I had some doubts this morning about posting the previous entry. And more doubts since reading R.J. Rummell’s blog more thoroughly. I’d almost decided to delete that post, but then thought doing so would hide a mistake.
It started in his post, On Democratization And Its Globalization where he says “I support Bush’s foreign policy and Iraq War”, and he really lost it for me in Torture? Yes, Of Course, where he took the abhorrent line that came out after Abu Ghraib in which torture was justifiable under certain circumstances, and claims that is an acceptable position as a, what he terms, “situational moralist”, or what I prefer to call a dissembler.
His entry on Wikipedia has been tagged “may not conform to the neutral point of view policy”, and the discussion of this all relate to his figures for genocide, and whether they are reliable. However, all this is moot.
My issue is that there are a few positions we must take as human beings, and which are absolutely non-negotiable. By discarding these we cease to be human.
While in Zürich, I saw The Forsythe Company perform Human Writes, which I wrote about earlier, and I believe Article 5 of the Universal Declaration of Human Rights states one of these positions quite clearly: “No one shall be subjected to torture or to cruel, inhuman or degrading treatment or punishment.”
Rummel, through his sophism insists that such a position makes me “like the absolute pacifist who says no to even defending his (sic) democratic country against outright attack by a foreign tyrant, and thus contributes, no matter how small, to defeat, and were that to happen, to all the lives lost in the resulting occupation (leave aside the person’s willingness to stand aside and let others sacrifice themselves for his freedom)”. I think by aligning himself in favour of the Iraq war and occupation and with a position on torture which is morally repugnant, he has bought all his work and his motives for engaging in such research into serious question.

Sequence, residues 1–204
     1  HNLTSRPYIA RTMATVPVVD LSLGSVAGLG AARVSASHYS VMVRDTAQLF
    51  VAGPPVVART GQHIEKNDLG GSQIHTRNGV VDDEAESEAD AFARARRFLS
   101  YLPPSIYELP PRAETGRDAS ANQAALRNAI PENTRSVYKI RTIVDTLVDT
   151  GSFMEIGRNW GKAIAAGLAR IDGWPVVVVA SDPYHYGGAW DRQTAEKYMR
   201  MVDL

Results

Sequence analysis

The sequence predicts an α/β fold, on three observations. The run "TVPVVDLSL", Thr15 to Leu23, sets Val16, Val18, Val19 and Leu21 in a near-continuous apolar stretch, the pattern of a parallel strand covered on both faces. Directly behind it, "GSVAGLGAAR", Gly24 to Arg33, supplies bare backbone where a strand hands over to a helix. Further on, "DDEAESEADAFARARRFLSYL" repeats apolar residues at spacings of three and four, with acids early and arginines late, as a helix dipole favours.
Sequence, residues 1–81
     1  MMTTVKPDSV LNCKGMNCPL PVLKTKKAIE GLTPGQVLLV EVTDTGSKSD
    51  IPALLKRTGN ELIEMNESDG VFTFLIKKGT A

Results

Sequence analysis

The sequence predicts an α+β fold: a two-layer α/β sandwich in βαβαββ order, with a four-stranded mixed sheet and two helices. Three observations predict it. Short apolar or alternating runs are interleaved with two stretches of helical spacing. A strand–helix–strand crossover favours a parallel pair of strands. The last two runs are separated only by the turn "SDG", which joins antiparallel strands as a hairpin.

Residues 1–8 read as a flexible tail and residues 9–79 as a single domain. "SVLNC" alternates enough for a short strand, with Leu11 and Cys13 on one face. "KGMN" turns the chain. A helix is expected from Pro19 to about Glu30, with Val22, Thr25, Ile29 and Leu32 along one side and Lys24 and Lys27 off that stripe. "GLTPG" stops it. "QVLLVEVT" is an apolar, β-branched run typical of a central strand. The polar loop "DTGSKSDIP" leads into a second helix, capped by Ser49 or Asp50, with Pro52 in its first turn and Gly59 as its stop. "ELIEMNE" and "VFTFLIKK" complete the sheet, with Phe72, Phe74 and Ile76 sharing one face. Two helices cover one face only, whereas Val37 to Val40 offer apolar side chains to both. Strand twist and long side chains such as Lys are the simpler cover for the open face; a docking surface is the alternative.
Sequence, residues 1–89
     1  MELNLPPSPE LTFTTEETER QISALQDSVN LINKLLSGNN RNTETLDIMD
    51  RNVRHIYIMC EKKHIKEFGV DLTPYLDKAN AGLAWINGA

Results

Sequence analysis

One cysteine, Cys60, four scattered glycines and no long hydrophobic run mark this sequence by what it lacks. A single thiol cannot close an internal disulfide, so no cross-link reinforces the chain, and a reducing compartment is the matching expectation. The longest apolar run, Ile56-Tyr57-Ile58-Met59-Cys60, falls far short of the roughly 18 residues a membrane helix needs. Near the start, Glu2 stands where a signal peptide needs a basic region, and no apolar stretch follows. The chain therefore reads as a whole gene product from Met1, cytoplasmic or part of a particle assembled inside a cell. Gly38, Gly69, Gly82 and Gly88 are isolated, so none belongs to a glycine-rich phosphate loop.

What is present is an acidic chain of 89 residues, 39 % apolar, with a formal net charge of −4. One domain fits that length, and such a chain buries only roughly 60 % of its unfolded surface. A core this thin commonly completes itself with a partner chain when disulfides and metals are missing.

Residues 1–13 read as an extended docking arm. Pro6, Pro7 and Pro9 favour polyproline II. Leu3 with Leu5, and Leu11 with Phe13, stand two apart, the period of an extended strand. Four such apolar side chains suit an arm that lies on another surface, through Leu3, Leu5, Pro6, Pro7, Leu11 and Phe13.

My response would be again from Jacques Derrida:
We must (il faut) more than ever stand on the side of human rights. We need (il faut) human rights. We are in need of them and they are in need, for there is always a lack, a shortfall, a falling short, an insufficiency, human rights are never sufficient.
And from the Universal Declaration of Human Rights:
Universal Declaration of Human Rights
Whereas recognition of the inherent dignity and of the equal and inalienable rights of all members of the human family is the foundation of freedom, justice and peace in the world,
Whereas disregard and contempt for human rights have resulted in barbarous acts which have outraged the conscience of mankind, and the advent of a world in which human beings shall enjoy freedom of speech and belief and freedom from fear and want has been proclaimed as the highest aspiration of the common people,
Whereas it is essential, if man is not to be compelled to have recourse, as a last resort, to rebellion against tyranny and oppression, that human rights should be protected by the rule of law,
Whereas it is essential to promote the development of friendly relations between nations,
Whereas the peoples of the United Nations have in the Charter reaffirmed their faith in fundamental human rights, in the dignity and worth of the human person and in the equal rights of men and women and have determined to promote social progress and better standards of life in larger freedom,
Whereas Member States have pledged themselves to achieve, in cooperation with the United Nations, the promotion of universal respect for and observance of human rights and fundamental freedoms,
Whereas a common understanding of these rights and freedoms is of the greatest importance for the full realization of this pledge,
The General Assembly,
Proclaims this Universal Declaration of Human Rights as a common standard of achievement for all peoples and all nations, to the end that every individual and every organ of society, keeping this Declaration constantly in mind, shall strive by teaching and education to promote respect for these rights and freedoms and by progressive measures, national and international, to secure their universal and effective recognition and observance, both among the peoples of Member States themselves and among the peoples of territories under their jurisdiction.